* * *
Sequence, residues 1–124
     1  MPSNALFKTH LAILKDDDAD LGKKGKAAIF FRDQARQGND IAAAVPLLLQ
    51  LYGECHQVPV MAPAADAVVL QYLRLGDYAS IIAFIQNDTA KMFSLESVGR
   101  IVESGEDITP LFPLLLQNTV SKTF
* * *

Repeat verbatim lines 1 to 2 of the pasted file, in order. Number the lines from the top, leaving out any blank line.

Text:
Sequence, residues 1–124
     1  MPSNALFKTH LAILKDDDAD LGKKGKAAIF FRDQARQGND IAAAVPLLLQ